Watering the Dehydrated Workplace

It’s time to water those workers! Raise a glass of H20 (or two) with your employees, and you may well find that concentration levels increase. Lethargic workers find a sudden burst of energy. And Joe, who’s always calling out from his cubicle about that afternoon headache? He’s working away on a project, noggin feeling just fine.

Here’s why it’s so important to support good water intake:

  • Air conditioning is virtually everywhere in Florida – and it’s a hydration negative. AC units are designed to lower the atmospheric water content, and that phenomenon leads to people experiencing water loss via the skin or lungs. Yes, indoor workers lose less water than those whose tasks take them outside – but they are not immune to dehydration just because they’re cooler.
  • Outdoor workers face an ongoing risk – According to the Mayo Clinic, water intake requirements depend on the person. It’s a sure bet that a road crew working in August on the blacktop is going to need more water than the CPA in her fifth-floor office building. The much-touted recommendation ‘8 glasses a day’ is relatively sound, though some individuals definitely require more liquids. Some require less.  A good rule is for outdoor workers especially to stay ahead of thirst. Once one becomes thirsty, she is already mildly dehydrated.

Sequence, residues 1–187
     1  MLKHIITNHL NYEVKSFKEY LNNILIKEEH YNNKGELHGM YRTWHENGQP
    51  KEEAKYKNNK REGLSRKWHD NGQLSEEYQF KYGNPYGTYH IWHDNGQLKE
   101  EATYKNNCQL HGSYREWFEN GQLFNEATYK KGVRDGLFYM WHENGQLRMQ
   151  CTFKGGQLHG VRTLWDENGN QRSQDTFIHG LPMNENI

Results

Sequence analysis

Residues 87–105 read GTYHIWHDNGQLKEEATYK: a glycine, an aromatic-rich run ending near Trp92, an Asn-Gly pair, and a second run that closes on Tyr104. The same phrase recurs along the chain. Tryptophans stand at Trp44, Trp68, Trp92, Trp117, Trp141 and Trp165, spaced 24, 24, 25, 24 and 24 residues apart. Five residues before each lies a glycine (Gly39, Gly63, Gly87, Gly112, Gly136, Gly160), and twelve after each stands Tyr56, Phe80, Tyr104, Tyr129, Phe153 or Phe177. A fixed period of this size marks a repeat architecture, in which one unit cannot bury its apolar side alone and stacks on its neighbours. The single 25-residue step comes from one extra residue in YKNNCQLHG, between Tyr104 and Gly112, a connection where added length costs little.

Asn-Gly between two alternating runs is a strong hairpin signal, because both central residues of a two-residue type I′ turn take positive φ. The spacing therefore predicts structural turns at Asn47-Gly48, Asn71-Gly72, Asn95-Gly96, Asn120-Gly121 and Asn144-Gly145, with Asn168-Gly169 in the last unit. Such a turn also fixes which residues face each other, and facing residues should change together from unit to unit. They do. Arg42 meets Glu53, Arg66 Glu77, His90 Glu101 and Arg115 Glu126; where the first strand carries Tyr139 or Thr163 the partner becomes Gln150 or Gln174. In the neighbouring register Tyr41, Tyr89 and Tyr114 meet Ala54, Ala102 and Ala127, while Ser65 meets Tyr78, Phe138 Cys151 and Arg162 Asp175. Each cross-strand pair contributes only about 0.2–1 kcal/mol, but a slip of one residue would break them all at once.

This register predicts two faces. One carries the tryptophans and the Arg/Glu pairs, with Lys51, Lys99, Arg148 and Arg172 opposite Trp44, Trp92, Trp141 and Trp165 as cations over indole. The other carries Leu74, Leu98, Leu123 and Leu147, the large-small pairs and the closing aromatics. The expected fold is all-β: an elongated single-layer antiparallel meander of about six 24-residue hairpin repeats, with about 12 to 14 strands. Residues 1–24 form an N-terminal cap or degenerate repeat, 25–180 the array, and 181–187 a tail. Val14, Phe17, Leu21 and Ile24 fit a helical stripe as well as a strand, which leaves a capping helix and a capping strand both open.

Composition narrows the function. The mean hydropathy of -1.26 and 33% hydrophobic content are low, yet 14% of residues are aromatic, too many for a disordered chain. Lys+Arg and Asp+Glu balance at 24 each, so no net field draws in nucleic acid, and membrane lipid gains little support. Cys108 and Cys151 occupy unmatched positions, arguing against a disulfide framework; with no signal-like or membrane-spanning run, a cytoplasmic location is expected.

• Indoors or out, the dehydrated worker is likely not as productive as his water-swilling coworker. Our bodies cannot make the water we need in order to function optimally. Instead, it doles out symptoms to remind us to fill up those bottles. Lack of concentration is a commonly touted one, as is lethargy and headaches. None are helpful for work progress. Additionally, severe dehydration carries possible severe consequences that are much worse than lack of productivity.

What’s an employer to do? Consider a company-wide giveaway of stainless steel water bottles. (If you do opt for classic plastic, make sure they are BPA free. That’s a topic for another blog). Educate your workforce regarding dehydration symptoms. Encourage them to reach for a glass of water when they experience a lull in their day. Remind them that total liquid intake takes their food choices into account – thus that 2pm apple counts toward the hydration whole.